MUS 3170: Survey of Jazz Music, Taught by Prof. Erika Schafer
An introductory survey course in jazz from its ethnic origins, through its chronological development, to its current styles. Emphasis placed on the relationship of the music to the individuals who create this form of human expression.
HIST 3485: The Civil War in American Memory, Taught by Prof. Mark Johnson
In this course, students will examine how Americans have reconstructed the memory of the Civil War to suit their needs and circumstances. It will explore how soldiers, freed people, and other participants understood their own lives and how their descendants and subsequent generations, through organizations such as the United Daughters of the Confederacy, shaped the meaning of the war for the sake of political, economic, and cultural power. To pursue these questions, students will learn about the theory of historical memory, the politicization of memory, and how memory changes over time. Although students will learn about the Civil War, they should not expect to study the actual fighting and execution of the war. Instead, they will study how people reconstructed the meaning of the Civil War to fit their own moment in time and place.
HIST 3940R: The Postcolonial Caribbean, Taught by Prof. Edward Brudney
This course uses interdisciplinary and comparative frameworks to examine the long history of interactions between the Caribbean and the “West.” From Christopher Columbus’s “discovery” of the so-called New World through the trans-Atlantic slave trade, and from the world-changing Haitian Revolution through the Cuban Revolution of the 1950s and 1960s, we will follow the efforts of formerly colonized peoples as they fought to forge new nations, cultures, and identities in the face of European imperialism. Topics likely to receive particular emphasis this semester include cannibalism; the Haitian Revolution; zombies and voodoo; the Spanish-American War; the Cuban Revolution; reggae music; Black Nationalism; and Caribbean diasporic identities.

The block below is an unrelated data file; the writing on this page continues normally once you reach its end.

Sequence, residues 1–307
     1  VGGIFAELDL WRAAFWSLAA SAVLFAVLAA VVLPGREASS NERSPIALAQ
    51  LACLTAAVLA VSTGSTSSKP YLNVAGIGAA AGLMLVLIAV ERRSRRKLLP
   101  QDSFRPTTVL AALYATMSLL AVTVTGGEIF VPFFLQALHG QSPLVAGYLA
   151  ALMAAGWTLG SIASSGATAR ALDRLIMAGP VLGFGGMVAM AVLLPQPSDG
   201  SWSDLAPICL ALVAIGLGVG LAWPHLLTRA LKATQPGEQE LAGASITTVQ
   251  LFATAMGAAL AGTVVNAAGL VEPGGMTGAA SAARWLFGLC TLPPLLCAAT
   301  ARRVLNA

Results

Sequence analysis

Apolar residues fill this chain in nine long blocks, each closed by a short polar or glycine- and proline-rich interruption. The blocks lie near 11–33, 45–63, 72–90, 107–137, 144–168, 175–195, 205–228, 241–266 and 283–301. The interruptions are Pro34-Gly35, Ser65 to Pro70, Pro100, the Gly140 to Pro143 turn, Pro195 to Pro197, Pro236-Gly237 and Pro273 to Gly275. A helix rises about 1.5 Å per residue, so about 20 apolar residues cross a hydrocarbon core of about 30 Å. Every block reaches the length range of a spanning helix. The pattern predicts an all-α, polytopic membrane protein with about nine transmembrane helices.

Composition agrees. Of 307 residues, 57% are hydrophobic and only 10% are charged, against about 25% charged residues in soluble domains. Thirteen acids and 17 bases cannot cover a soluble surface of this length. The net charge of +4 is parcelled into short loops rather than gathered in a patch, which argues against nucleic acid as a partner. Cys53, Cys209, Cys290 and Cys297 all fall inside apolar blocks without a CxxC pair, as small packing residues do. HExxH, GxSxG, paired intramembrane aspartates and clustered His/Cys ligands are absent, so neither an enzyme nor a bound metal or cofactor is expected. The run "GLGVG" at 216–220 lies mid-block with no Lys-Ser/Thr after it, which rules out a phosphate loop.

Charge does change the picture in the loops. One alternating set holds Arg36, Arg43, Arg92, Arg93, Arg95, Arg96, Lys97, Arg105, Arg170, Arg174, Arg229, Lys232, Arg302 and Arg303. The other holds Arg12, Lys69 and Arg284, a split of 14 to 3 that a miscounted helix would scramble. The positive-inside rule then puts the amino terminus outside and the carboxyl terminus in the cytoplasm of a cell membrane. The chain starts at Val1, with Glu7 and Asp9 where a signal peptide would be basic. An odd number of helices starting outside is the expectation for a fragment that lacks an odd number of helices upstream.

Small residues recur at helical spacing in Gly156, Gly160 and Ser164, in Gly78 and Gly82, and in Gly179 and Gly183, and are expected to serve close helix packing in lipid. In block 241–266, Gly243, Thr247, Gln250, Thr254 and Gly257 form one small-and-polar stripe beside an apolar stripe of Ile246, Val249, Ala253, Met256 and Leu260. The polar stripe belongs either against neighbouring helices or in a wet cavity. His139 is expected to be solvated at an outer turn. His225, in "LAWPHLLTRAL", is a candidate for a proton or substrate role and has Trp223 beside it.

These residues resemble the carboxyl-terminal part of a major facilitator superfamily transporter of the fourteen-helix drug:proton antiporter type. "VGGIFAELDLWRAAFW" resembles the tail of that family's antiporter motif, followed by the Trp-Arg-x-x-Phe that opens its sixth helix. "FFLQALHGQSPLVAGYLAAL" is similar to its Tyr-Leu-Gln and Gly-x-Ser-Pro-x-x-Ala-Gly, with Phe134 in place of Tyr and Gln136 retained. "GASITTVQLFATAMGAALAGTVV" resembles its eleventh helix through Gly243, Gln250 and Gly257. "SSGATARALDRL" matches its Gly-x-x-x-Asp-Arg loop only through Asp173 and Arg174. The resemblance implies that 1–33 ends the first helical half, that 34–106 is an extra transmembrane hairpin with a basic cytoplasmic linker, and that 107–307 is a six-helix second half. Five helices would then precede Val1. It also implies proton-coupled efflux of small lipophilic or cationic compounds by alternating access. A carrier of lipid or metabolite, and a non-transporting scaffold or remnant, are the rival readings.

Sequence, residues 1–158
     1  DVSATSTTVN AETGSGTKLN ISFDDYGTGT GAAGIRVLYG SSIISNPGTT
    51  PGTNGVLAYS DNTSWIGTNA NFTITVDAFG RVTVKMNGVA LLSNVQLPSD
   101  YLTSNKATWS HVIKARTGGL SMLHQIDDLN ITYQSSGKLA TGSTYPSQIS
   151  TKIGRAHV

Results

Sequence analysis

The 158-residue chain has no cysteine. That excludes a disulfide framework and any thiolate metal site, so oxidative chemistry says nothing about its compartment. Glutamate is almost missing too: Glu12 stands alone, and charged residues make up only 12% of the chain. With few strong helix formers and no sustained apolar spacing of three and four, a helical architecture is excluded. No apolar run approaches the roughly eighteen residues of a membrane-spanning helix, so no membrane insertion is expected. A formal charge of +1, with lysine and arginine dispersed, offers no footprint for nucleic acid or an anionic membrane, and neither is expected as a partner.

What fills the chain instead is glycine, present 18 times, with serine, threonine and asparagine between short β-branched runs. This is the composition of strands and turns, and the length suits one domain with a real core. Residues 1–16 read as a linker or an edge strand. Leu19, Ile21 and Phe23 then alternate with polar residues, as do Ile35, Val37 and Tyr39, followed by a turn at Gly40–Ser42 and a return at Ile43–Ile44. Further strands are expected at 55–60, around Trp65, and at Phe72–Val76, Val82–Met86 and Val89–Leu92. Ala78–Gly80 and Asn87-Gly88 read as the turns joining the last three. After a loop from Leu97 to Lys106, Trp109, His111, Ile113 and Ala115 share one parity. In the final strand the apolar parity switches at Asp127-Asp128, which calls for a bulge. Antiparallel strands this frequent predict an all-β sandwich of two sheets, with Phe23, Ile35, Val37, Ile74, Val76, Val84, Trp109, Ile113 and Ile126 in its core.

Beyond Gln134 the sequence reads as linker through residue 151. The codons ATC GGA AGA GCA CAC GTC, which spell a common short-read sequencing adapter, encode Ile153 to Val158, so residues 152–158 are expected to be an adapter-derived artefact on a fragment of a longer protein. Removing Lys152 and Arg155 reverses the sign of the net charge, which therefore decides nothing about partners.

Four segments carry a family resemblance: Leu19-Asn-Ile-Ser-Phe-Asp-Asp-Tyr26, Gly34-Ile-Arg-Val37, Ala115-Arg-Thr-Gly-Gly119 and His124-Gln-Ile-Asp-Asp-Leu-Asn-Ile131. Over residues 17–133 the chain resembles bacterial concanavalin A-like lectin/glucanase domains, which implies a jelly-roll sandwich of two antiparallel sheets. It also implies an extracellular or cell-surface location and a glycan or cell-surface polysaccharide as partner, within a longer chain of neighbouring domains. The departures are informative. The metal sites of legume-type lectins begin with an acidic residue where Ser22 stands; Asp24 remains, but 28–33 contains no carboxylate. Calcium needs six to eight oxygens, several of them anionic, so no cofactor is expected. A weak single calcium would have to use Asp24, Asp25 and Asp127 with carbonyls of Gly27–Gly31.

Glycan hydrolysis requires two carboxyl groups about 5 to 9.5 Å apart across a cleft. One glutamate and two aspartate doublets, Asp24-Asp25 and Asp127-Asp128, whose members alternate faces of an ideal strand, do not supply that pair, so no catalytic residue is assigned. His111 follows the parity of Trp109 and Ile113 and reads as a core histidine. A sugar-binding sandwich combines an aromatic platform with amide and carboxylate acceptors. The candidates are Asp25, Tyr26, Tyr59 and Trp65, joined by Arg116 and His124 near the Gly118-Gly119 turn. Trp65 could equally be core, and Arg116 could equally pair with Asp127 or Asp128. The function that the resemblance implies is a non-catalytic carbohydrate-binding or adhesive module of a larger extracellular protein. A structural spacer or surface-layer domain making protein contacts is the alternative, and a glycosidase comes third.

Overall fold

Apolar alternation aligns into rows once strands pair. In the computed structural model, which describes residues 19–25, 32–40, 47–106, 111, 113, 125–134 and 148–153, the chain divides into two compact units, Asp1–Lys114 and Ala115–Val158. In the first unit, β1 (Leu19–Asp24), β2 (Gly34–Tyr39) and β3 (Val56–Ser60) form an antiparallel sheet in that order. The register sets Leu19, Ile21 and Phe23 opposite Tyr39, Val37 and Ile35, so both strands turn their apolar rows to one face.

HIST 3940R: Sports in Modern African History, Taught by Prof. Julia Cummiskey
In this course, we explore African history by looking at the history of sports. Using a variety of popular and scholarly media, we will use sport as a lens through which to examine ideas about nation, state race, gender, and economic development. Topics will include soccer as a tool of colonial governance, the Olympics as a site of political protest, and rugby as a venue for anti-apartheid mobilization. Students will work in small groups to create podcasts exploring a topic of their choosing.
HIST 4500R: Youth, Race, and Crime in American Cities, Taught by Prof. Susan Eckelmann Berghel
Languages and Literatures
ENGL 2080R: Topics in Intellectual Inquiry: Epic Battles: Sundiata v Beowulf, Taught by Profs. James Arnett and Dominik Heinrici